In particular, Mr. Blaney said he would ensure that whenever CSIS obtains a warrant to disrupt potential terrorist activities, the agency would report on the matter to its watchdog, the Security Intelligence Review Committee.

He also said the agencies that will benefit from new powers under C-51 will complete a "privacy impact assessment" to ensure that the rights of Canadians are protected.

The Senate committee feels that the government needs to take additional steps in the fight against terrorism. In particular, it called on the government to create a team of expert lawyers to prosecute terrorism cases. In addition, the committee said some judges should receive specialized training in the field to hear these cases.

The committee also called on the government to criminalize membership in a terrorist entity.

In a statement, Mr. Blaney thanked the committee for its contribution to the legislative process, promising that the government "will thoroughly examine" its observations.

Report an error Editorial code of conduct
Comments

Welcome to The Globe and Mail’s comment community. This is a space where subscribers can engage with each other and Globe staff. Non-subscribers can read and sort comments but will not be able to engage with them in any way. Click here to subscribe.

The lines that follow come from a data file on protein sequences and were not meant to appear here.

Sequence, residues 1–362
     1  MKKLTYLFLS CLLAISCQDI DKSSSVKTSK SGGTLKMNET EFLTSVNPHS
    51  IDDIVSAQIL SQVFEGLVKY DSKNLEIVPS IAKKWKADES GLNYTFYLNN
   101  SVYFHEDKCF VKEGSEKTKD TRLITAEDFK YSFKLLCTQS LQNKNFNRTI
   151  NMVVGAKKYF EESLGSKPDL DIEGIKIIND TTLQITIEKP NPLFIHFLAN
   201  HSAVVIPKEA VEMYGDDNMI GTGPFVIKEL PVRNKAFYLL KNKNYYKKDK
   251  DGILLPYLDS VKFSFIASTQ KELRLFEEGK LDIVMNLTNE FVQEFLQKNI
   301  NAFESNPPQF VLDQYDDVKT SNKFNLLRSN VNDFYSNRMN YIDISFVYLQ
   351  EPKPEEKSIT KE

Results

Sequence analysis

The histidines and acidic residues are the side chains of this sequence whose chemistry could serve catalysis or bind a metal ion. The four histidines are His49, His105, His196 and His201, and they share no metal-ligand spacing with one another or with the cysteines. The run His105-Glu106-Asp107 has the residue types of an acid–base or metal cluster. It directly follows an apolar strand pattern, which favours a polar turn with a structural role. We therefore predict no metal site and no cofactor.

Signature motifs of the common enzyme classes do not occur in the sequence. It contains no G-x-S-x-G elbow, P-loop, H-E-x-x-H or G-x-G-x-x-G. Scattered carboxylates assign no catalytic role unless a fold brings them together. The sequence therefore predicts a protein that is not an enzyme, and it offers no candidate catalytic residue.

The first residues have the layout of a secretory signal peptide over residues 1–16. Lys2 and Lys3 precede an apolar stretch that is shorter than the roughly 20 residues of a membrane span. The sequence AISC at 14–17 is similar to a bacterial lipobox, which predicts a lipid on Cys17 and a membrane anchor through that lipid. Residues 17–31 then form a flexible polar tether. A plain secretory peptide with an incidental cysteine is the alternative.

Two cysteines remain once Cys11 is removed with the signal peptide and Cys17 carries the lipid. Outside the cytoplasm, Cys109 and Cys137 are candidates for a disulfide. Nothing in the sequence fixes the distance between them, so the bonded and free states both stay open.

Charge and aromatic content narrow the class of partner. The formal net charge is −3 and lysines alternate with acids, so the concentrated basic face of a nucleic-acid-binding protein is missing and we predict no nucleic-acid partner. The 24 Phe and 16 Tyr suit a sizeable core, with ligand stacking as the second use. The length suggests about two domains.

If you would like to write a letter to the editor, please forward it to letters@globeandmail.com. Readers can also interact with The Globe on Facebook and Twitter .

Welcome to The Globe and Mail’s comment community. This is a space where subscribers can engage with each other and Globe staff. Non-subscribers can read and sort comments but will not be able to engage with them in any way. Click here to subscribe.

If you would like to write a letter to the editor, please forward it to letters@globeandmail.com. Readers can also interact with The Globe on Facebook and Twitter .

Welcome to The Globe and Mail’s comment community. This is a space where subscribers can engage with each other and Globe staff.

We aim to create a safe and valuable space for discussion and debate. That means:

  • All comments will be reviewed by one or more moderators before being posted to the site. This should only take a few moments.
  • Treat others as you wish to be treated
  • Criticize ideas, not people
  • Stay on topic
  • Avoid the use of toxic and offensive language
  • Flag bad behaviour

Comments that violate our community guidelines will be removed. Commenters who repeatedly violate community guidelines may be suspended, causing them to temporarily lose their ability to engage with comments.

Read our community guidelines here

Discussion loading ...

Due to technical reasons, we have temporarily removed commenting from our articles. We hope to have this fixed soon. Thank you for your patience. If you are looking to give feedback on our new site, please send it along to feedback@globeandmail.com. If you want to write a letter to the editor, please forward to letters@globeandmail.com.
Cannabis pro newsletter